September to October 2019 | MORE FROM THIS ISSUE
WELCOME TO the September–October 2019 issue of Arts of Asia devoted to the Museum Rietberg in Zurich and its excellent Asian art collection. The Museum Rietberg, one of the leading museums for world art in Europe, is known for its superb temporary exhibitions and international co-operation with major international museums. I am honoured to publish ten fine articles showcasing the museum’s collections and achievements.
Since the founding of the museum in 1952 by the City of Zurich, the collection has grown substantially thanks to largescale donations of important collections, as well as generous gifts and financial support by private and corporate sponsors. The museum has become a Mecca for Asian art lovers and boasts outstanding collections of Chinese art (paintings, ceramics, Buddhist stone and gilt brass sculptures), Japanese art (Buddhist paintings and sculptures, tea wares, woodblock prints, Nō masks and costumes), as well as Indian, Himalayan and Tibetan art (paintings and sculptures), and Persian art (rugs, textiles and paintings).
The Museum Rietberg has over the years received invaluable support from leading local collectors, including founding donor Eduard von der Heydt (Indian sculptures), Charles A. Drenowatz (Chinese paintings), Ernst Winkler (Chinese archaic bronzes), Pierre and Alice Uldry (artworks of China’s Bronze Age), the Meiyintang Foundation (Chinese ceramics dating from the Neolithic period to the Song dynasty), Berti Aschmann (Himalayan and Tibetan sculptures), Erwin and Hilde Luck (carpets from Iran, Turkey and Eastern Turkestan) and Emil Alpiger (Persian garments, embroidery and printed fabrics).
During the tenure of Dr Albert Lutz as director, the museum was able to realise its major building renovation and expansion in 2007, as well as successfully grow its collection in various fields. In fact, several of my friends and supporters of Arts of Asia have very fond memories of visiting the Museum Rietberg when passing through Zurich, and have enjoyed meeting Dr Lutz and viewing his fabulous exhibitions. Not only has he curated major exhibitions himself, but he has also strongly encouraged the curatorial team in their groundbreaking projects and in establishing co-operation with other museums. I wish Dr Lutz a very happy and well-deserved retirement this year.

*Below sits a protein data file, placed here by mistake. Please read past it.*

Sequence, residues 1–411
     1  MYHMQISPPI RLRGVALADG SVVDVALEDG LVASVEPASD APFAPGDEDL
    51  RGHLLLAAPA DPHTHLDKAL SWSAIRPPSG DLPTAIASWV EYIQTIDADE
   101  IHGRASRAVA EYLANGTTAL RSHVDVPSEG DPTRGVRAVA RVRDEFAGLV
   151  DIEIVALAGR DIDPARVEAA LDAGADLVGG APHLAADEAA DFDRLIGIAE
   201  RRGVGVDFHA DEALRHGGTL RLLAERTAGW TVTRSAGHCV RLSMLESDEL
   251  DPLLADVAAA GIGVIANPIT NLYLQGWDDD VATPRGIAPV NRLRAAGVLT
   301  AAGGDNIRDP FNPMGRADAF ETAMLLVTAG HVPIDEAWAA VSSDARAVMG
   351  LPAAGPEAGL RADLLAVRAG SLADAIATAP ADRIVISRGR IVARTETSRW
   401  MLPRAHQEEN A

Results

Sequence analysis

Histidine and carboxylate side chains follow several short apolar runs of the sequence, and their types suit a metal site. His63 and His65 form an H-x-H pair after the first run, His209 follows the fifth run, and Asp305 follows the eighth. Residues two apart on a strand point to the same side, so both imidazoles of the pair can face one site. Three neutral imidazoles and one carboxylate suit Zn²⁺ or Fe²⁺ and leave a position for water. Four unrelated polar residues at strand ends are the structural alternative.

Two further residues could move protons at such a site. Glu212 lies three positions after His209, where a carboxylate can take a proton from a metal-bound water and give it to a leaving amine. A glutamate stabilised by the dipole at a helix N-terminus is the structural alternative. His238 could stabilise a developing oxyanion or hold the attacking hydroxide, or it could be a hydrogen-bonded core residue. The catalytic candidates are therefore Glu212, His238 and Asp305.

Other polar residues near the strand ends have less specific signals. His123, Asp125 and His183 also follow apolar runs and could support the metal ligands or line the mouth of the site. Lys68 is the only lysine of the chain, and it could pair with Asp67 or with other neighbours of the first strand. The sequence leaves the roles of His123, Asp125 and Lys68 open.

After a tumultuous summer in Hong Kong, I am looking forward to the upcoming auction previews and sales, as well as gallery exhibitions in Asia, Europe and the USA. The following art fairs, listed chronologically, will be of interest to Arts of Asia readers: Parcours des Mondes in Paris (September 10th to 15th), Frieze Masters in London (October 3rd to 6th), Fine Art Asia in Hong Kong (October 4th to 7th), Asian Art in London (October 31st to November 9th) and TEFAF New York Fall (November 1st to 5th).
Fine Art Asia 2019, Asia’s leading international fine art fair, is collaborating with Masterpiece London in a long-term partnership. The Masterpiece Pavilion will be launched at the fair, which takes place as usual at the Hong Kong Convention and Exhibition Centre. The fair has earned an international reputation for presenting museum-quality fine art exhibited by renowned galleries.
Tenzing Asian Art of San Francisco will present an extraordinary collection of early Buddhist works from the Himalayan region: remarkable sculptures in stone, wood and metal; cast bronzes with inlaid stones, gilding and pigment; and a vast array of beautifully detailed paintings, with images of gods and goddesses, Bodhisattvas, spiritual masters, lamas and other teachers. Illustrated above is the gallery’s majestic and elegant 13th century statue of the Goddess Tara from Tibet.
Martin Fung Limited is one of Hong Kong’s most prominent galleries for Chinese antiques. With over four decades of experience, Martin Fung has built a reputation for his expertise in scholar’s works of art and Chinese lacquer. He will present a fine Ming dynasty, 16th century, carved cinnabar lacquer stem bowl at the fair.
Susan Ollemans, based in London, will be exhibiting a collection of Asian jewellery at Fine Art Asia with a concentration on pieces from Southeast Asia, dating from the 5th–19th centuries. Among these is a rare gold bead necklace from the Pyu dynasty of Burma measuring 144 cm in length, with each bead uniquely different. She will also be offering a small collection of antique rings from the Angkor Empire of Cambodia and a group of beautiful gold enamelled boxes from Mughal India.
Wamono Art of Japan will again be exhibiting at Fine Art Asia with some special Japanese artworks. Artists shown will include Shoryu Honda, whose work was a centrepiece of the recent exhibition of Japanese bamboo art at The Metropolitan Museum of Art in New York. Another featured artist is Yukito Nishinaka, whose work appeared at the Musée des Arts Décoratifs in Paris earlier in 2019.